A struggle with the past is a permanent theme too of the archeological museum you see now, the cause of my trip. Founded 1936 on a site of archeological findings, it became part of the Nazi propaganda business, and tried for decades to get away from that past, finally successfully. Today, it has become one of the best archeological open air museums with excellent didactic program and part of a multinational network of similar initiatives. When it's current director Karl Banghard observes "archeology attracts freaks like garbage attracts flies", this refers to contemporary esoteric and new age scenes and popular pseudo-medieval "militainement" happenings. It's exhibition offers a route from paleolithic times to late middle age, each represented by at least one building and pieces of their reconstructed environments. E.g. you start at a paleolithic summer tent, then two mesolithic huts with mesolithic flora around them. One wonders how one could have survived in such conditions, and if the inhabitants may have been Neandertals, but they were as modern humans as we. BTW, here a tool transforming your facial shapes into a Neandertal one. Aside this neolithic long hut one finds the precursers of modern grains harvested by the Rössen culture then and a small puddle around other vegetables used then are plated. The Rössen culture kept cattle, sheep, goats and pigs, which you don't find in the musem, but the parts of the tour on the Iron, Bronce and middle ages contain retro-breeded cattle too. Roughly at those times, lactose tolerance and skin pigmentation changed. The Iron age part shows a small field with plants cultivated for clothes and it's colouring, it's them who collided with the roman civilization. Rome looked like this, the cultural and military collision is theme here. Chimneys had been invented a millenium later only, what that means you find out when you enter a hut where a cooking fire burns. Here you see Gerhard Kalden in a tent build after one of the rare archeological findings from the mesolithicum ca. 60 m further. The upper parts of the tent are modeled after tents in Sibiria and inner Asia, using ethnography for archeological reconstructions. Equally impressive is this bronce age farm house with context. Unfortunately closed were the early middle age parts of the exhibition, including a reconstruction of Charlemagne's plant garden "capitulare de villis" and several houses, most impressive (an shocking) the "sunken hut". This looks like a weird joke - a house sunken nearly until the roof into the mud whose single room is just cut out of the clay. These horribly unhealthy, cold and wet pits were the working places since stone age until early modern times, since their temparature and humidity fitted manufactoring needs. As substitute for fotos from that, here a beautifull and instructive link on an other medieval issue, a 'Motte' whose reconstruction was organized by Karl Banghard too. A 'Motte' is the real thing behind what you probably imagine as medieval castles, those stone castles dominating the public image are (at best) just late medieval 'Disneyland anticipations' for aristocrates in romantic mood. Obviously, history allways was a kind of Rorschach blob-test on which people project their phantasies and madnesses. Only turning to the traces of the facts and admitting the never ending incompleteness of that business offers hope. The Oerlinghausen museum staff, mostly long time voluntaire participants, complements such exhibitions and reconstructions according to the current state of knowledge (recent news) with a broad spectrum of didactic events, like these workshops or special events focussing on e.g. the romans in this region and their lifestyles. The quality and diversity of the museum's activities make one think at the success of open sourse software like Linux: As there, dedicated amateur enthousiasts create an impressive amount of expertise and turn that into action.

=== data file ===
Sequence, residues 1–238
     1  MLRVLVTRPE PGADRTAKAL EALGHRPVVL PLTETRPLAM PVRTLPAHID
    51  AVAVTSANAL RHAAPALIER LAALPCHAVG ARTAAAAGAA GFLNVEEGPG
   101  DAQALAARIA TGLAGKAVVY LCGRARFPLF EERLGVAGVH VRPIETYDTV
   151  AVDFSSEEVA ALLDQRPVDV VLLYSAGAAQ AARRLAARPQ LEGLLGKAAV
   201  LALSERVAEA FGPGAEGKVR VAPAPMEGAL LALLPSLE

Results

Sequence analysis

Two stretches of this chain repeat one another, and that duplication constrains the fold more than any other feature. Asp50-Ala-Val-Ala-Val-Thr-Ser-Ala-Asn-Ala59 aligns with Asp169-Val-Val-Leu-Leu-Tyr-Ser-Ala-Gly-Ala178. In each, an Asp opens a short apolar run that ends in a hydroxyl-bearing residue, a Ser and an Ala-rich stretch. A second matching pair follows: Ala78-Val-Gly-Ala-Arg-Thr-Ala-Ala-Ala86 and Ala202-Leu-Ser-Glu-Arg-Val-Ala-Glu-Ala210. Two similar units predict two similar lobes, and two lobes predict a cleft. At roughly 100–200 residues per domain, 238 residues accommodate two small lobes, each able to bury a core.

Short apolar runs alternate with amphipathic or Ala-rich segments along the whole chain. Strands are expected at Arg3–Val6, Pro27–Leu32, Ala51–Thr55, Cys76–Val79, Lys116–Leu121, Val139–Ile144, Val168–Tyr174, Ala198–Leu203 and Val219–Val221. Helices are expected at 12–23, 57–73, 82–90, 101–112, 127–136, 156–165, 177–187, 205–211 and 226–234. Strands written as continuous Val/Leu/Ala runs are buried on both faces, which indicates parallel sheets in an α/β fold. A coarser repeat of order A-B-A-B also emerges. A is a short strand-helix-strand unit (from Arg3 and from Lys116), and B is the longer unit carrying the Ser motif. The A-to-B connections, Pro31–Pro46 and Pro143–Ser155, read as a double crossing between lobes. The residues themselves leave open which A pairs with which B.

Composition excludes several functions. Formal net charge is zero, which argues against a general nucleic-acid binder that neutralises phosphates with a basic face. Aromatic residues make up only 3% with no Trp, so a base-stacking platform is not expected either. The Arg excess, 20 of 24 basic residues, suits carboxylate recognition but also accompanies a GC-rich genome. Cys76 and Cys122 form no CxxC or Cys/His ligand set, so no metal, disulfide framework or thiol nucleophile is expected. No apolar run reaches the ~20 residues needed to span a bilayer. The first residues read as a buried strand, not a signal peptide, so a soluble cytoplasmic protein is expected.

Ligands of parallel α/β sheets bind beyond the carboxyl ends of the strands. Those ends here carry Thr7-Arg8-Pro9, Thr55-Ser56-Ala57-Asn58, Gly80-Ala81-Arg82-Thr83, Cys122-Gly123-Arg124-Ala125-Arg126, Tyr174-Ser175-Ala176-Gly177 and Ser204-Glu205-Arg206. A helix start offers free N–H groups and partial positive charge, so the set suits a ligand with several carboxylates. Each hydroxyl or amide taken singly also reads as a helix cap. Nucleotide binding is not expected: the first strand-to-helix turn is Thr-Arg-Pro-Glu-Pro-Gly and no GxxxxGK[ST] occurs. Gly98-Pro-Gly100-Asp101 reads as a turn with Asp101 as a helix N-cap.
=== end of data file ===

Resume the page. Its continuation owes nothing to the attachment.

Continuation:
The most lasting impression is about the slowness of progress visible from Rössener culture to early modern times. All the houses in the museum look very similar, aside chimneys entering somewhere the late middle ages and the amazing lifestyle anticipations of Rome. One remembers that even the former chancelor Gerd Schröder grew up in this region of Germany in a clay hut whose interior walls were covered with ice each winter morning. Still, for a shocking part of living mankind, basic issues of living are unsolved, even those ones those neolithic groups somehow managed. The strategic planing pressure on those neolithic must have been huge, errors resulting in famines instead of 'bail outs' as economical leadership counts on today. One wonders too, if "personas" extisted at those times, the closeness of living without a sphere of privacy must have turned group living into a permanent "Big Brother" show. "Alone", a polar researchers biography, describes how painfull transparent and predictable other people become when they live under permanent mutual perception. Organized data collection frenzy today makes cultural achievements like discreetness and privacy risking extinction like some strange butterfly (existentialists would call it horsefly) whose existence looks entirely unbelievable when they are finally gone. An other major difference between our and premodern mindsets surely is the later's lack of an idea of culmulative cultural progress. The direct and permanent experience of nature probably resulted in an intuition of the 2nd main theorem of thermodynamics, acc. to which order and structure - the anti-entropic work of civilization - is possible only as local and temporarily violation of nature's tendency towards chaos. The ancient greeks called the anti-entropic work "nous", the entropic nature "chaos" and the 2nd main theorem "ananke", "chaos" had to be temporarily tricked, coaxed to such an exeptional deviation. Socrates expressed it in Gorgias: "The good is possible only as rescue and getting saved". Christianity's salvation promise later was a theological loophole, but even then thought as a loophole outside the normal course of life. An excellent description of that antique christian way of thinking can be found in the novel "A canticle for Leibowitz" and the brilliant "Dream of Scipio". Only the age of enlightment generalized this motive, by unhinging it from the theological frame, towards our modern idea of permanent progress as natural developmental law of mankind. However, early christianity had a specified goal for it's anti-entropic loophole. Enlightment not. It suffers from a fundamental confusion on the concept of cultural goals: Shall they be thought of in analogy to production procedures, being defined by the result independent from the way to it? Or in analogy to human life, e.g. learning and growing, defined by the process alone? Again, a novel best illustrates the first concept and it's usage: "Ypsilon minus"- The author H.W. Franke, a physicist and sci fi writer, observed N. Luhmann's school of thought whose impact on political, administrative thinking in Germany is hard to overestimate. Luhmann went so far as to exclude human beings as part of modern bureaucratic societies. Acc. to him, the boundary between 'culture' and 'nature' shifted drastically, 'human mind' belonging to the later and goal of quantification, selcetion and mastering like other resources. I prefer an other way to draw distinctions, as 'human mind' being the residue of 'culture', who now is targetted by 'bureaucratic societies' as entropic force aside the old 'naure'. The complexities of this can be seen again in a novel: "Snail on a Slope" by the Strugatskii brothers. The battle between individual and bureaucracy are theme of J. Le Carré's novels, the latest one a slightely fictionalized case study in Hamburg. Earler, the philosopher E. Lévinas analysed this and how entropy infiltrates and corrupts the human mind: "His 'freedom of thoughts' expires silently: The thrust of the enemy forces is a slope. The consciousness of sliding downwords gets lost." (from 'Totalité et Infini', p. 214) Decivilization as global tendency is even theme of research now, indicating (like the new attention to psychoanalytic studies as here, or here) a final loss of belief in the selffullfilling idea of cultural progress.